Urban ponds as an aquatic biodiversity resource in modified landscapes

Matthew Hill, Jeremy Biggs, Ian Thornhill, Robert Briers, David Gledhill, James White, Paul Wood, Chris Hassall

Research output: Contribution to journalArticle

46 Citations (Scopus)

Abstract

Urbanization is a global process contributing to the loss and fragmentation of natural habitats. Many studies have focused on the biological response of terrestrial taxa and habitats to urbanization. However, little is known regarding the consequences of urbanization on freshwater habitats, especially small lentic systems. In this study, we examined aquatic macro‐invertebrate diversity (family and species level) and variation in community composition between 240 urban and 782 nonurban ponds distributed across the United Kingdom. Contrary to predictions, urban ponds supported similar numbers of invertebrate species and families compared to nonurban ponds. Similar gamma diversity was found between the two groups at both family and species taxonomic levels. The biological communities of urban ponds were markedly different to those of nonurban ponds, and the variability in urban pond community composition was greater than that in nonurban ponds, contrary to previous work showing homogenization of communities in urban areas. Positive spatial autocorrelation was recorded for urban and nonurban ponds at 0–50 km (distance between pond study sites) and negative spatial autocorrelation was observed at 100–150 km and was stronger in urban ponds in both cases. Ponds do not follow the same ecological patterns as terrestrial and lotic habitats (reduced taxonomic richness) in urban environments; in contrast, they support high taxonomic richness and contribute significantly to regional faunal diversity. Individual cities are complex structural mosaics which evolve over long periods of time and are managed in diverse ways. This facilitates the development of a wide range of environmental conditions and habitat niches in urban ponds which can promote greater heterogeneity between pond communities at larger scales. Ponds provide an opportunity for managers and environmental regulators to conserve and enhance freshwater biodiversity in urbanized landscapes whilst also facilitating key ecosystem services including storm water storage and water treatment.
LanguageEnglish
Pages986-999
Number of pages14
JournalGlobal Change Biology
Volume23
Issue number3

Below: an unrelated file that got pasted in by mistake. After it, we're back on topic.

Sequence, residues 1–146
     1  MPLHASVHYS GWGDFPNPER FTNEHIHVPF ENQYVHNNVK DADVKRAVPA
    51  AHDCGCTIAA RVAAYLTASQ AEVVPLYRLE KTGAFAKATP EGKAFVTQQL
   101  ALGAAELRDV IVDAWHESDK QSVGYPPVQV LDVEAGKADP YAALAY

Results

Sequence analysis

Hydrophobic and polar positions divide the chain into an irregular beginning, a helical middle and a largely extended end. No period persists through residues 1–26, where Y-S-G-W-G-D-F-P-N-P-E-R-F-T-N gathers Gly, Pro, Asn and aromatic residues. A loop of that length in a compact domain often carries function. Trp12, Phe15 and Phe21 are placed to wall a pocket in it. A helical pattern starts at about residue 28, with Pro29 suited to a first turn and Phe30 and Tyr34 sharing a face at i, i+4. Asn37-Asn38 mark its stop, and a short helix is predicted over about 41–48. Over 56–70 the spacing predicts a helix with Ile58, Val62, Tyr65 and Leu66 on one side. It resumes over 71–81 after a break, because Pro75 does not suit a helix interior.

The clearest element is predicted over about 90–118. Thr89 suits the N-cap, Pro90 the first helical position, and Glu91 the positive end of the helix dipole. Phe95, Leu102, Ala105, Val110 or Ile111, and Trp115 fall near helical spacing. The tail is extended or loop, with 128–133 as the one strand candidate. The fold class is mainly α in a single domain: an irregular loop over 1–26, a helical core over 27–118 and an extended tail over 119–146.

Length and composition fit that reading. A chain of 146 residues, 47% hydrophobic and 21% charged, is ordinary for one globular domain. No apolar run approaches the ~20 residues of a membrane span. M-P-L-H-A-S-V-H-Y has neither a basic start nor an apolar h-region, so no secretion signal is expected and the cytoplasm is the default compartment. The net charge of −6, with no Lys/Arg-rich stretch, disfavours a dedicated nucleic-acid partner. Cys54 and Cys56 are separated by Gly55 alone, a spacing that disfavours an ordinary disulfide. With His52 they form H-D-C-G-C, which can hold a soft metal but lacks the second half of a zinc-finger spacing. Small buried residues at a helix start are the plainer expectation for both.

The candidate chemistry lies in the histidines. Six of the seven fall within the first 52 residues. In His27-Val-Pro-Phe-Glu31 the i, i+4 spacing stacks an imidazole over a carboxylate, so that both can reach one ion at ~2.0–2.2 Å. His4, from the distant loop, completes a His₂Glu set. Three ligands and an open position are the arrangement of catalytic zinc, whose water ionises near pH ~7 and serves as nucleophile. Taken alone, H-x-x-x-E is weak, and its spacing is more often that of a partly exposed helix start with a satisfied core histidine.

Early online date1 Aug 2016
DOIs
Publication statusPublished - Mar 2017
Externally publishedYes

Fingerprint

Biodiversity
Ponds
pond
biodiversity
resource
habitat
urbanization
Autocorrelation
autocorrelation
community composition
water storage
Chemical analysis
Water treatment
ecosystem service
Ecosystems
macroinvertebrate
Macros
niche
water treatment
fragmentation

Cite this

Hill, M., Biggs, J., Thornhill, I., Briers, R., Gledhill, D., White, J., ... Hassall, C. (2017). Urban ponds as an aquatic biodiversity resource in modified landscapes. Global Change Biology, 23(3), 986-999. https://doi.org/10.1111/gcb.13401
Hill, Matthew ; Biggs, Jeremy ; Thornhill, Ian ; Briers, Robert ; Gledhill, David ; White, James ; Wood, Paul ; Hassall, Chris. / Urban ponds as an aquatic biodiversity resource in modified landscapes. In: Global Change Biology. 2017 ; Vol. 23, No. 3. pp. 986-999.
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Hill, M, Biggs, J, Thornhill, I, Briers, R, Gledhill, D, White, J, Wood, P & Hassall, C 2017, 'Urban ponds as an aquatic biodiversity resource in modified landscapes', Global Change Biology, vol. 23, no. 3, pp. 986-999. https://doi.org/10.1111/gcb.13401

Urban ponds as an aquatic biodiversity resource in modified landscapes. / Hill, Matthew; Biggs, Jeremy ; Thornhill, Ian ; Briers, Robert; Gledhill, David ; White, James; Wood, Paul; Hassall, Chris.

In: Global Change Biology, Vol. 23, No. 3, 03.2017, p. 986-999.

Research output: Contribution to journalArticle

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AU - Biggs, Jeremy

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Hill M, Biggs J, Thornhill I, Briers R, Gledhill D, White J et al. Urban ponds as an aquatic biodiversity resource in modified landscapes. Global Change Biology. 2017 Mar;23(3):986-999. https://doi.org/10.1111/gcb.13401